Davidson and Goldberg state that changes in communications technology in recent decades demand concommitant changes in how schools, especially colleges and universities, educate our young. I agree. But our authors take that premise and run with it in some directions which I don't believe are supported by the evidence.
Our authors insist that conventional education, with its hierarchical social groupings and insistence on individual work, will prove completely unsustainable in coming years. I wonder if they have read their history seriously enough. Their warnings repeat, nearly verbatim, statements made when moveable type, film, and television challenged former paradigms of learning. A time traveler from 1975 might be astounded to see that videotape hasn't rendered teachers obsolete.
They go on to extol "virtual" educational models which take place without "the contiguity of time and place." Which sounds good, but my own experiments with structural flexibility teach me that, if I don't require my students to be in a room at a certain time, more than half of them will never do the reading or write their assignments more than a day in advance. I doubt even Goldberg and Davidson believe that classes without classrooms will ever be more than icing on the cake for advanced students. They concede early on that "most virtual institutions are, in fact, supported by a host of real institutions and real individuals."
Though some students love learning enough to be self-motivated, they are not the majority. Many, if not most, regard classes, even within their majors, as a nuisance. I would love it if my students had enough ambition to undertake the kind of team tasks Davidson and Goldberg describe, but anybody who has taught more than one or two semesters knows that if you get three students per class who don't need to be prodded, you are one lucky cuss.
I found one comment our authors quoted to be all too telling. A respondent to an early draft of this paper insisted that "open-ended assignments provide the opportunity for creative, research-based learning." This is true, for those willing to embrace such opportunity. But this respondent sought out and answered back to a scholarly paper; I might get two students per semester with that level of ambition.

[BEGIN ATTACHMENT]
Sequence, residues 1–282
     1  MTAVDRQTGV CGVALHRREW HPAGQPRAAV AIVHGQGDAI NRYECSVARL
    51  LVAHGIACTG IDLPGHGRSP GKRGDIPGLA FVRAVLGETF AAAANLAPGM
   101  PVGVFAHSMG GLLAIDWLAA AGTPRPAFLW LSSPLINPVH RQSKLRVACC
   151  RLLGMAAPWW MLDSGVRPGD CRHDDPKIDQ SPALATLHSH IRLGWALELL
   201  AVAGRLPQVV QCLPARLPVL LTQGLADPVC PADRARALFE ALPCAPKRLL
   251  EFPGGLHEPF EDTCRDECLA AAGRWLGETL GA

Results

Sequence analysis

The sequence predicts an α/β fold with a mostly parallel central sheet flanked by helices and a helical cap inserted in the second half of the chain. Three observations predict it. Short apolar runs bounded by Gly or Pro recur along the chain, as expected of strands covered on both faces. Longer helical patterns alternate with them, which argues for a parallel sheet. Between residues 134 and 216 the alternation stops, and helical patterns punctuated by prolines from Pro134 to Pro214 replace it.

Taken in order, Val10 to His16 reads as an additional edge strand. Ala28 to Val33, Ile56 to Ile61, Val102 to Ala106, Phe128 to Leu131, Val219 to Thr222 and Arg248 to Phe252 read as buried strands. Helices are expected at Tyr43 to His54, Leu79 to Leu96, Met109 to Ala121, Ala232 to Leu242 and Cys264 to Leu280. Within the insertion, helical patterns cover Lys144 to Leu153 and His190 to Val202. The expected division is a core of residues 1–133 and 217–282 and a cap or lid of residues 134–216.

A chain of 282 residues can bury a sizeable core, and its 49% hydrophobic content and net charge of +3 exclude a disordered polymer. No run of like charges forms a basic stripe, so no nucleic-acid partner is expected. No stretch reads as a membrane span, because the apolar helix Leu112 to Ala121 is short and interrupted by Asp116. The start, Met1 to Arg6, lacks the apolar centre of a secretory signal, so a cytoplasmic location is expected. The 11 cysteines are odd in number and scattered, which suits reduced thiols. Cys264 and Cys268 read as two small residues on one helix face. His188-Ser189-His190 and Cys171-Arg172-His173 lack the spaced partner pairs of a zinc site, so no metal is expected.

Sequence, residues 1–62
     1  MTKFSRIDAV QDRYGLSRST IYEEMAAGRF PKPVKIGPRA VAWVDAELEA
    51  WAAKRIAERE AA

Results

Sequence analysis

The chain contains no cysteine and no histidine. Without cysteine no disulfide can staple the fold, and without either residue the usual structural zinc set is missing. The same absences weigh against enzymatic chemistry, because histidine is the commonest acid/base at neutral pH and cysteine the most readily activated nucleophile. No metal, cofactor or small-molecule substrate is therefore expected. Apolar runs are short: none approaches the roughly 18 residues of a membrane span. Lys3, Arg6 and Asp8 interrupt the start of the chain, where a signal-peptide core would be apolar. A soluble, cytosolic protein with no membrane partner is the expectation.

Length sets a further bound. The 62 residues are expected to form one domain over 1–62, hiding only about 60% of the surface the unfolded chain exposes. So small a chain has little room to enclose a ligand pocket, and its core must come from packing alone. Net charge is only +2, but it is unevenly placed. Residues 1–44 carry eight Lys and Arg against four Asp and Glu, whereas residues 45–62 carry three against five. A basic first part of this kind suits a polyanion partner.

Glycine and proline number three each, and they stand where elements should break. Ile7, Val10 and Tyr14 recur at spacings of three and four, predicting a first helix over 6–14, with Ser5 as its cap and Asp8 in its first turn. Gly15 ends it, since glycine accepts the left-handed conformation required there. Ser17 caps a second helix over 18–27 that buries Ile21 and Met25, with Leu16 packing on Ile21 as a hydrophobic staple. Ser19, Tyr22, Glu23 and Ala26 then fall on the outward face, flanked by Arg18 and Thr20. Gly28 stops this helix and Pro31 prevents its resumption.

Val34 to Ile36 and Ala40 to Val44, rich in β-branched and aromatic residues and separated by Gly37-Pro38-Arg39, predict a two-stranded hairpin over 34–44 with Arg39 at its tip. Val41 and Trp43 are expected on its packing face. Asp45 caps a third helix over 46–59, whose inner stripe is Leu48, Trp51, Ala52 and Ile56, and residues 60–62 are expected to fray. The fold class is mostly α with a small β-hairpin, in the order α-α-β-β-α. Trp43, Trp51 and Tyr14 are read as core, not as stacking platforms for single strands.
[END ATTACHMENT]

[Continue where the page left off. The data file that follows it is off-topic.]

I would absolutely love to assign more open-ended research projects. I would love to let my students take ownership of the learning process. But I have learned the hard way that they usually will not. I had two students drop my class this past semester because, even with five days' warning, they considered a ten-question reading quiz on a twenty-page chapter too onerous.
Likewise, these authors repeat the claim, which I keep seeing lately, that Pokemon teaches youth important matematical and reasoning skills. I don't doubt this. But my colleagues in the Math Department tell me that only a handful make the leap that allows them to apply Pokemon-based math skills to diverse real world applications. Most still rely on the institutional classroom to make that connection for them. Regular students still need the skills and structure only a conventional four-wall classroom can provide.
Consider Wikipedia, which the authors extol, claiming that professors disparage the site without merit. Yes, its many user/editors keep it up-to-date and Open-Source. Yes, the collaborative model ferrets out innacuracies. But even laying aside the limits of a tertiary source, its programming model leaves it vulnerable to pranks and hacks by idiots. Even that wouldn't be so bad if students utilized their discretion to screen out obvious bunk, but they don't. Too many students receive content uncritically, and I get papers riddled with inaccuracies.
Institutional schooling has survived past changes in the media and cultural landscape because it works. Sure, it will have to adapt to the influence of the new technology, just as it has before. But as long as most youth need mature guidance to take on the skills and responsibilities of adulthood, there will be a place for a classroom with a clear leader judging progress. Davidson and Goldberg claim the old models have become obsolete, but that just doesn't bear up to scrutiny.